“I don’t think there is another theatre company [in Adelaide] doing work like we’re doing,” says Corey McMahon, director of Theatre Republic. “It sounds like I’m pitching a current-affairs show – but we’re not afraid to tackle the hard issues.”

Adelaide’s newest theatre company makes its debut next week with the Australian premiere of Lines by UK playwright Pamela Carter.

Four young soldiers at the start of army training lie awake in their barracks. “They’re all trying to get away from something in their lives, and they’re looking for something, too,” McMahon says. In the first act, “They’re all pulling in different directions, and they’re really bad at it. The way training works is, if one of you fails you all fail.”

Carter told McMahon the actors should consider the audience “in the world with them”. And because it’s being staged in the intimate 87-seat Bakehouse Theatre, “there’s something about the story being on top of [the audience], rather than that divide you get in the [Dunstan] Playhouse or Her Majesty’s,” says McMahon.

“On the outside they’re all playing this role: the invincible man. But the audience gets access into their fears, their vulnerabilities, why they’re acting the way they’re acting.”

Theatre Republic is out to captivate audiences the way streaming services do. “This play completely bucks the trend in terms of how theatre can tell a story,” McMahon says, referencing its unusual form and “dream-like intensity”.

“The play never stops moving, it’s really fast and it’s quite loud,” he says. Movement choreographer Roz Hervey came on board to look at a few sequences, many of which are overlayed by strobe lighting.

McMahon says the second act “is very hard to talk about in the abstract”. “They basically start to think and act as one; they take on each other’s lines … and when someone gets hit they all feel it as much as the person who’s injured.”

“It’s done through the replaying of a key battle scene from the film Lone Survivor. They re-enact the scene ‘cause that’s how they want to see themselves – as these heroes, these lone survivors.”

The play was originally written for audiences in the UK, where debate was flaring about tactics used by the British Army to recruit young men and women from socially or educationally disadvantaged backgrounds. While that’s not as explicit in Australia, McMahon says, this play “asks questions about the kinds of people we want to fight our wars”.

An Australian Army officer visited the rehearsal room to speak about the culture within his ranks and the demanding physical expectations. “They’ve got to make you into these people … who can get up at 5am, carry 60 pounds of kit, run up a hill and back,” says McMahon. “And they’re not interested in people who don’t have the psychological capacity to do that.”

He recognises a completely male-lead (and directed) production may, at first glance, seem out of touch in the era of #MeToo. “We’re taking a risk in that respect,” he says. “The [movement] is very much, and rightly so, to give a voice and a place on stage to women.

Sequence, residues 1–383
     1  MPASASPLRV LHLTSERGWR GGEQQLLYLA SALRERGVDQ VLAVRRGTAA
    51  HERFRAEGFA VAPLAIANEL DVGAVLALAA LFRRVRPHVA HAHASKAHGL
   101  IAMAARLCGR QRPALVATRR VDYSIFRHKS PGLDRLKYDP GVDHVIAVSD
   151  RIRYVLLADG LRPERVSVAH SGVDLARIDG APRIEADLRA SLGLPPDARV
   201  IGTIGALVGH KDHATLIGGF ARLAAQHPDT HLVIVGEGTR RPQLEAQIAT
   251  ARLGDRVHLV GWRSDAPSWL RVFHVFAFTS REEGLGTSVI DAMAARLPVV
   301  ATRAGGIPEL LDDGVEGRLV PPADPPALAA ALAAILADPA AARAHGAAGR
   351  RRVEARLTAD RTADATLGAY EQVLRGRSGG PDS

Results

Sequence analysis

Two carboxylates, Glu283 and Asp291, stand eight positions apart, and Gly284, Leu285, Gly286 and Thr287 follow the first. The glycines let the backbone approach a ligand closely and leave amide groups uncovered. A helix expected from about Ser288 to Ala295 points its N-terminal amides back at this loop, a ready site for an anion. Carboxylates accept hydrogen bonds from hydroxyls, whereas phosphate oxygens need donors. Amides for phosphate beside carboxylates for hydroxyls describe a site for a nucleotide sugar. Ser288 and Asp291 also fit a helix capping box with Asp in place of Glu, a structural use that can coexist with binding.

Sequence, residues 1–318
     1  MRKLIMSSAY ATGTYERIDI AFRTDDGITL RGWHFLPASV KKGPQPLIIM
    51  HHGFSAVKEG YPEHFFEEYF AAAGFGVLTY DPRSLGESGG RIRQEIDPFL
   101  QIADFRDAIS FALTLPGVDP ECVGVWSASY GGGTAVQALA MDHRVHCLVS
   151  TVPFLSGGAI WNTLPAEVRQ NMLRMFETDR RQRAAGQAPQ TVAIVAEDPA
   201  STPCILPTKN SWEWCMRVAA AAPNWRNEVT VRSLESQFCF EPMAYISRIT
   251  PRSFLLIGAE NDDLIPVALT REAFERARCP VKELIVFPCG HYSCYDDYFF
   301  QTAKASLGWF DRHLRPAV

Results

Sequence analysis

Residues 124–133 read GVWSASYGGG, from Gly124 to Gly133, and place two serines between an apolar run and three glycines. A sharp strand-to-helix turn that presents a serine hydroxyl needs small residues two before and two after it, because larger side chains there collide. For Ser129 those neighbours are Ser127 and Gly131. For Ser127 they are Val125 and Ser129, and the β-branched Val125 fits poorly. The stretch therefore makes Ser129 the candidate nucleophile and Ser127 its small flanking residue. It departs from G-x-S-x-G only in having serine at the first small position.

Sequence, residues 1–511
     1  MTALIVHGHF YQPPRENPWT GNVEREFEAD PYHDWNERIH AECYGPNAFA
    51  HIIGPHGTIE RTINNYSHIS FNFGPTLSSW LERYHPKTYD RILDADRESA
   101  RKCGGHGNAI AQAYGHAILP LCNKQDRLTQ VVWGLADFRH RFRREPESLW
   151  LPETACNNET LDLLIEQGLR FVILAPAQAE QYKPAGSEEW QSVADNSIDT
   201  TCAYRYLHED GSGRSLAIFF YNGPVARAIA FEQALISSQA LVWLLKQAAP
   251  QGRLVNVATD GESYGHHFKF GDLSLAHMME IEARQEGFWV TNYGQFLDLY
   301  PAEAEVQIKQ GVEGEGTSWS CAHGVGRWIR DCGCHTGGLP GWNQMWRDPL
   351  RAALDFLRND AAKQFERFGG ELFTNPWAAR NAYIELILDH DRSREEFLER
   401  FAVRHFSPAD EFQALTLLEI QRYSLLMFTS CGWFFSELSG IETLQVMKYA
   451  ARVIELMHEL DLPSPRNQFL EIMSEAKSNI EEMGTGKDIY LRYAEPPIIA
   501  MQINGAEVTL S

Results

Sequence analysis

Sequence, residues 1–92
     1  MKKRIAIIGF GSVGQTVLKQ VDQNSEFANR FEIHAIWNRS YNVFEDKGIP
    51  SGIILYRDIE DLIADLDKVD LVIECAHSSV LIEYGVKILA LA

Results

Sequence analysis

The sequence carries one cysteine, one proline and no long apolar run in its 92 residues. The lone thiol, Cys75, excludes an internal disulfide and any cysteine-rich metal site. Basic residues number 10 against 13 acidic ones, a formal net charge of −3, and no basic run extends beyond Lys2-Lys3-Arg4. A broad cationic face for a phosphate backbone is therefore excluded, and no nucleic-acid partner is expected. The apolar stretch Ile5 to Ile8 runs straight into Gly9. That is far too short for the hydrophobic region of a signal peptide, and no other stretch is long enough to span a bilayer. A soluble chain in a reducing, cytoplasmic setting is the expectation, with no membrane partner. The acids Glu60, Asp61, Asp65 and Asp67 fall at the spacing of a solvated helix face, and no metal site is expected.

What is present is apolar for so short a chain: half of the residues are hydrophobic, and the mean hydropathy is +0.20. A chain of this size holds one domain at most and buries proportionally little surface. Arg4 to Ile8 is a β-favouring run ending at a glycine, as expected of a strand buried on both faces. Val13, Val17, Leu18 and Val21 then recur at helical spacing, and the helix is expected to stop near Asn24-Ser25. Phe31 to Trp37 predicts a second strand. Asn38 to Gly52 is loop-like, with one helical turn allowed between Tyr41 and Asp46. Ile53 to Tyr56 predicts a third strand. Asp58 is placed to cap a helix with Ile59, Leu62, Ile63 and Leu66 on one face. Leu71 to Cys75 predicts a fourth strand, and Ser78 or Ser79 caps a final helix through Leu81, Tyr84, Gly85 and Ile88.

“But as one of the actors Jim Smith said, ‘It’s so important men have this conversation among themselves [too]’. Men have to turn to each other and say, ‘I’ve got to stop acting like that, or I’ve got a mate who acts like that and I’m not saying anything’.”

Lines forces men to be proactive rather than reactive; it explores “the external environmental factors that can contribute to men acting in a way that’s not particularly good towards women – that toxic masculinity”.

Recruiting an all-Adelaide cast and crew supports our under-pressure theatre sector. “We’re in tricky times,” says McMahon. “Funding cuts have pulled the rug out from under everyone a bit. And State Theatre Company can only do so much.”

“The worst thing that can happen to professionally trained theatre-makers and actors is to not work. If they’re sitting in a call centre or making coffee, they’re not match-fit … Either people leave or the pool of people who are match-fit shrinks because there’s only a small number getting work.”

Two new works by local playwrights are slated for development next year: Duncan Graham’s Nil by Mouth, a durational performance inspired by the Lindt cafe siege, and Emily Steel’s Bordertown, based on the lives of Afghan refugee women she met in country Australia.

The political undertone is purposeful. But it doesn’t come at the cost of entertainment. “It’s not agitprop (political propaganda) theatre, it’s not didactic, we don’t stand there and point our fingers at the audience,” McMahon says.

It’s about engagement. “I can make lots of posts to my Facebook bubble. Or I can try to have an impact, however small, by producing work that’s politically engaged. If 20 per cent of people who come to see a play walk away and it changes their perception of the world … surely there’s a knock-on effect.”

Lines runs from October 24 to November 10 at the Bakehouse Theatre. Tickets are available online.

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